On 24 January 2006, Doudou Diene, the Special Rapporteur on contemporary forms of racism, racial discrimination, xenophobia and related intolerance for the United Nations Commission on Human Rights, filed a "Mission to Japan" report in which he summarized the circumstances he found in Japan when visiting the country from 3 to 11 July 2005. In Paragraph 72 he makes the following statement.

The Special Rapporteur also noticed a strong presence of the discriminatory mentality towards Koreans and Chinese in the media and other communications targeting the young generations. He learned that new comic books that became best-sellers recently, such as "Hating the Korean wave" and "Introduction to China", deny and revise the most relevant episodes of the Japanese colonial history, and have as an objective the denigration of the Korean and Chinese culture and civilization. They mention that "there is nothing at all in Korean culture to be proud of" and portray Chinese as obsessed with cannibalism and prostitution.

Diene is citing from an article called "Ugly Images of Asian Rivals Become Best Sellers in Japan", written by Norimitsu Onishi and published in The New York Times on 19 November 2005, after he had left Japan.

"Hating the Korean wave" is Onishi's translation of "Ken Kanryū" -- a phrase that appears in the titles of two comics and several related and other books. Did Diene ever see, much less read, such books? Not likely.

Such books exist in Japan because the country generally tolerates freedom of expression. Their existence also reflects the surfacing of a lively debate between people who regard history as a closed book, and those who feel that history should always be amenable to revision in the light of new information and insights.

Such books, though flawed, challenge the contention that Korea and Koreans have been mainly historical victims of Japan and Japanese. They also cast doubt on the view that Koreans in Japan are the rightful heirs of this alleged victimhood.

Sakurai Makoto

Sakurai Makoto goes by the handle "doronpa". He styles himself as the representative of "Higashi Ajia Mondai Kenkyū Kai" [East Asia issues research association]. This is the new name, since 1 February 2006, of what Sakurai had called "Nikkan Rekishi Mondai Kenkyūkai" [Japan-ROK historical issues research association] when writing his best-selling Kenryūkai handbook. This happens to be the official publishing date of the book, though the preface is dated 28 November 2005, and the book hit the stands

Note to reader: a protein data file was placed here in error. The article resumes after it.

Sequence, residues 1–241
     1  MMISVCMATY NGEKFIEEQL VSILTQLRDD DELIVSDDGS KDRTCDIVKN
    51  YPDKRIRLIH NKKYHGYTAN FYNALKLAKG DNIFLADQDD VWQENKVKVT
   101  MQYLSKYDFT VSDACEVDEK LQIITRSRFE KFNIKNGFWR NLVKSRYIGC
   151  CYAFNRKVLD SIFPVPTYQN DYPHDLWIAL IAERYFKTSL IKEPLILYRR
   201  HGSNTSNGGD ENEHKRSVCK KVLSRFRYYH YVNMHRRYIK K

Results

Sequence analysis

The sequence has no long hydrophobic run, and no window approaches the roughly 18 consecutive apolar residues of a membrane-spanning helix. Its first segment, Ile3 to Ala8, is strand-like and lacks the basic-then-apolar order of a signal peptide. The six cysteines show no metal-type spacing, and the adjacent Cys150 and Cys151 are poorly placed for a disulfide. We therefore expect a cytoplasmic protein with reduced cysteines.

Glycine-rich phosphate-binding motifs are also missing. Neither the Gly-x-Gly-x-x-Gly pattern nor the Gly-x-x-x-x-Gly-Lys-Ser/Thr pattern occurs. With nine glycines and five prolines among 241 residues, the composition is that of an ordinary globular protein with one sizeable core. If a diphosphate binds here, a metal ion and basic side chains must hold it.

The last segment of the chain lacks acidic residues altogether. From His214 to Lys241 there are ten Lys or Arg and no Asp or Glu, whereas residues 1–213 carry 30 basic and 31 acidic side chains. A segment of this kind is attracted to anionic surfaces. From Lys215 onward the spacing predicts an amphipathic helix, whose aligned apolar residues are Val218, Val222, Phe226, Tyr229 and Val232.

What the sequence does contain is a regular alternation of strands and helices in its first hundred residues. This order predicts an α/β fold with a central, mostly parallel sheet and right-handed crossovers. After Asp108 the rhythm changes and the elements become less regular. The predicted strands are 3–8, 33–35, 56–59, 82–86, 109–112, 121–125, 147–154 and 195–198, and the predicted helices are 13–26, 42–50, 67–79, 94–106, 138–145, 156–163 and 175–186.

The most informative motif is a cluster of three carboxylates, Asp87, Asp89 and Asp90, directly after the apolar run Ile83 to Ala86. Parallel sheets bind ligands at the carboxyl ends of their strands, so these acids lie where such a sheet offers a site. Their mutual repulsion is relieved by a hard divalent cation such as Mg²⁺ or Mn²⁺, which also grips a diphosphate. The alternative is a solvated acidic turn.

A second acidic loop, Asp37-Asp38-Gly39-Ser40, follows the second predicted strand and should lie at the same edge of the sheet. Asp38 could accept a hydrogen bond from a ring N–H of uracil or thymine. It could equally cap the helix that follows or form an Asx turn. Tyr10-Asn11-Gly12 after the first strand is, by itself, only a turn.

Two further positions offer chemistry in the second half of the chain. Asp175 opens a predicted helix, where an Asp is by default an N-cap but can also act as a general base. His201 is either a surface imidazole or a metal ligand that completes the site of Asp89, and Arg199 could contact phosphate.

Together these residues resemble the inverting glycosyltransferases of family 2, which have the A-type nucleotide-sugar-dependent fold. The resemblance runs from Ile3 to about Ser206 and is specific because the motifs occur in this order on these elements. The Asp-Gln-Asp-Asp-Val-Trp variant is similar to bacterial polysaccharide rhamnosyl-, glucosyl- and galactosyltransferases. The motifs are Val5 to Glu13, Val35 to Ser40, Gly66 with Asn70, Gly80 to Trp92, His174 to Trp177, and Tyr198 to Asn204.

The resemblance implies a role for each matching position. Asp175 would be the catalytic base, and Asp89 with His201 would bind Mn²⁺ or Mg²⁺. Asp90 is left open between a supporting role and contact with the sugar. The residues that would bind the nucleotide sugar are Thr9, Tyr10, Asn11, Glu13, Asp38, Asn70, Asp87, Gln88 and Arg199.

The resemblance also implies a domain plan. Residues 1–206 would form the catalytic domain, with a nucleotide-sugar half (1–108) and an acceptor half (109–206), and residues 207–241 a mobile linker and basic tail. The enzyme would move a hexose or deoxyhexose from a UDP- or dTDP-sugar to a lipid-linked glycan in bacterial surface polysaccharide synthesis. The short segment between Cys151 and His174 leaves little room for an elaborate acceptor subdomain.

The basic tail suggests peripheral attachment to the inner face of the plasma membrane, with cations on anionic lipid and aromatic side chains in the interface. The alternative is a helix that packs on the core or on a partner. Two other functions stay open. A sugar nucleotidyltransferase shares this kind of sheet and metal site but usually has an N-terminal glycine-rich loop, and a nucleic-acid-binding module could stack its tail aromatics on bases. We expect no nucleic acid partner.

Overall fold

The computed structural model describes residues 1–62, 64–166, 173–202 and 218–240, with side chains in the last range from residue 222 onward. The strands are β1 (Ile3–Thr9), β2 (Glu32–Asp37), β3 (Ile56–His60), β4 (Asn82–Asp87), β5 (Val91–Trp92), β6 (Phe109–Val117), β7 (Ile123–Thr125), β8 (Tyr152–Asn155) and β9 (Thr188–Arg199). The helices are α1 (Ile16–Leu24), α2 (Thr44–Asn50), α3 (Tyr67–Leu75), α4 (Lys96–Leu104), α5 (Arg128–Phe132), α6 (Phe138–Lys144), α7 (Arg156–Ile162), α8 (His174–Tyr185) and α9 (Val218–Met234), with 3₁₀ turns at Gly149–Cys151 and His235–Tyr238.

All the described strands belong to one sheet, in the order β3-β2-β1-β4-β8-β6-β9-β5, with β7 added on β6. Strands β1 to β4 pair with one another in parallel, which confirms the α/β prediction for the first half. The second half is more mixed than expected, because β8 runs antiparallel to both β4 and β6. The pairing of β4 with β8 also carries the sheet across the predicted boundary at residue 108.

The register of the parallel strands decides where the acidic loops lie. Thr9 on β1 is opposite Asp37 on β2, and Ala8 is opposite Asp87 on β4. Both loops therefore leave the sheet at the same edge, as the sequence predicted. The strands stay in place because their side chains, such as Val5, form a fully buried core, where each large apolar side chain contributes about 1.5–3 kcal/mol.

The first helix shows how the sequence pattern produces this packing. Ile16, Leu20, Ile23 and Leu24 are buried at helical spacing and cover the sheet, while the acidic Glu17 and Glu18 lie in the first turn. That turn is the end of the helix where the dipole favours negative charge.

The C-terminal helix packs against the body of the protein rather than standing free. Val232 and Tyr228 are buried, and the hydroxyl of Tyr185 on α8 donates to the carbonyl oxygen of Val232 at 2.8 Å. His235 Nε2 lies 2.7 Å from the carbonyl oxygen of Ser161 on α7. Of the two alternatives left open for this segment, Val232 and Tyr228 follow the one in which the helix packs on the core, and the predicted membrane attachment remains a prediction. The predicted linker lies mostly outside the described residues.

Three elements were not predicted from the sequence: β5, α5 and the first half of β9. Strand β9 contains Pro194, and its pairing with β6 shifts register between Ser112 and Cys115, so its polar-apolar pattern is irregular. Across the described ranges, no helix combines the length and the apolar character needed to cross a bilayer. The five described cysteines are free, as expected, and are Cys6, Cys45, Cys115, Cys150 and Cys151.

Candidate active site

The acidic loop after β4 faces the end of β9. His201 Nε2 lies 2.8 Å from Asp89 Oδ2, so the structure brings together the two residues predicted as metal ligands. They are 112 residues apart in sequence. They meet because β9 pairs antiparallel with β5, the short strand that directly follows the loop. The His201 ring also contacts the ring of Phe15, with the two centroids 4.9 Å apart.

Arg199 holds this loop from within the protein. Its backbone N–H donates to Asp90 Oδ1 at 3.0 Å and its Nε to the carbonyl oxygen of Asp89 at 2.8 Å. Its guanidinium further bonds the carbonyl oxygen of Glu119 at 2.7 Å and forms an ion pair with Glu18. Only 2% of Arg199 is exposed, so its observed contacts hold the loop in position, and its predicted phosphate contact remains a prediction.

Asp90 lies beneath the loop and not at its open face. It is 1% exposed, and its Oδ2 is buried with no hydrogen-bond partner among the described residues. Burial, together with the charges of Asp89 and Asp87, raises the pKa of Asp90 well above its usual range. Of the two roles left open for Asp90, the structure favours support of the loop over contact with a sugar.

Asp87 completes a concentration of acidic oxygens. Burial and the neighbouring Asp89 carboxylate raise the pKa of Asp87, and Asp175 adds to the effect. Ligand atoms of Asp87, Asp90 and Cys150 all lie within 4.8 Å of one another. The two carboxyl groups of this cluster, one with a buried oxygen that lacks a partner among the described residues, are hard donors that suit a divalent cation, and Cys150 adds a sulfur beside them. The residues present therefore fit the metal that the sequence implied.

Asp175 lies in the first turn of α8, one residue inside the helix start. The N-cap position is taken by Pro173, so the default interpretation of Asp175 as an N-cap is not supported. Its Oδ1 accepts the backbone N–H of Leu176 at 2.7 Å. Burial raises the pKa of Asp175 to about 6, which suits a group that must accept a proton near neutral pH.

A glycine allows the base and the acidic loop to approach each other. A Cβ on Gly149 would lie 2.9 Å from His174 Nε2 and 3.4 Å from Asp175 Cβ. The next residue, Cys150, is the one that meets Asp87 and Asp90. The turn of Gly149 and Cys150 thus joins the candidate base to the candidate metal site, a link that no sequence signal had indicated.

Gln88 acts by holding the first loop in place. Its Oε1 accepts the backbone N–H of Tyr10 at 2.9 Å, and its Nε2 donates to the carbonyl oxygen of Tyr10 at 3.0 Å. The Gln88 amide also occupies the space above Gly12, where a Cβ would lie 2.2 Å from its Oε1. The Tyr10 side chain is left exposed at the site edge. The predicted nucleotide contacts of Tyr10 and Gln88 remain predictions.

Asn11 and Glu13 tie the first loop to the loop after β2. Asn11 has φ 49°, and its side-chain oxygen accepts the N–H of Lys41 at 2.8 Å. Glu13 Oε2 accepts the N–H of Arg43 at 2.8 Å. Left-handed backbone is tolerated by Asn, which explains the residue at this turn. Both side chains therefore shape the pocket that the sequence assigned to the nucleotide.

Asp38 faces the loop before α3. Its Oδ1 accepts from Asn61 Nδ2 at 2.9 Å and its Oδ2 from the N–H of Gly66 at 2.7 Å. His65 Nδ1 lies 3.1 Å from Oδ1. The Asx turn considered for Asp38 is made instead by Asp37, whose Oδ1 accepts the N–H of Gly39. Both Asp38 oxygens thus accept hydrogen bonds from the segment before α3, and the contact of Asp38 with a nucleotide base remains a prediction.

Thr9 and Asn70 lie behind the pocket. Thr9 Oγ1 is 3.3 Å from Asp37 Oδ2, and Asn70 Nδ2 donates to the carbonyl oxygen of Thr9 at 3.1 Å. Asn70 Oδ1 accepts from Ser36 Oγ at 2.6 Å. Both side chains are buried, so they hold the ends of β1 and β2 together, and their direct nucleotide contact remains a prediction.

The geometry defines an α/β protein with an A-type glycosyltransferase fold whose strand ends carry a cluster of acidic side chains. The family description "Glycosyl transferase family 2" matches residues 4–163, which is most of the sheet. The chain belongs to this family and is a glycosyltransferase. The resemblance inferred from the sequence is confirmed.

Sakurai means business. His website, which has been up since September 2003, is fairly large and includes blogs and links to dozens of hours of bandwidth-hungry net radio broadcasts featuring him expounding on a favorate topic, mostly something related to Japan-Korea relations past and present, including Koreans in Japan.

Sakurai welcomes commentary. He invites any "foreign students from ROK, Koreans in Japan, and the left-wound people" [Kankoku ryugakusei, Zainichi, hidarimaki no katagata] who see his site to submit their contrary views for posting.

Common denominators

Sakurai has something in common with the Japan Communist Party. Both are opposed to the "Jinken yōgo hōan" (人権擁護法案) [Human rights protection bill] now being tossed around the Diet -- as are many media organizations. They feel the proposed law would open the door for the government and others it empowers to curtail critical opinion and otherwise infringe upon freedoms of speech. On this point I'm inclined to agree.

Sakurai's "East Asia issues research association" website features an animated graphic on which the following message unfolds.

Majo da!! Witch!
to sabetsu o ukeru Before receiving
sono mae ni discrimination,
jinken yogo ho an ni let's oppose the
hantai shiyo!! human rights protection law bill!


Dislike of Japan style

The "dislike of Korea style" backlash to the "Korea style" mania triggered, in Japan, what I would call a "dislike of the dislike of Korea style" blowback, while in the Republic of Korea it provoked some "dislike of Japan style" works that were then translated for the Japan market. A few critics, alarmed at and weary of this vicious circle of charge and countercharge regarding the history and present state of Japan and Korea relations, pled for a truce between the two sides, which seemed to feed on each other's claims.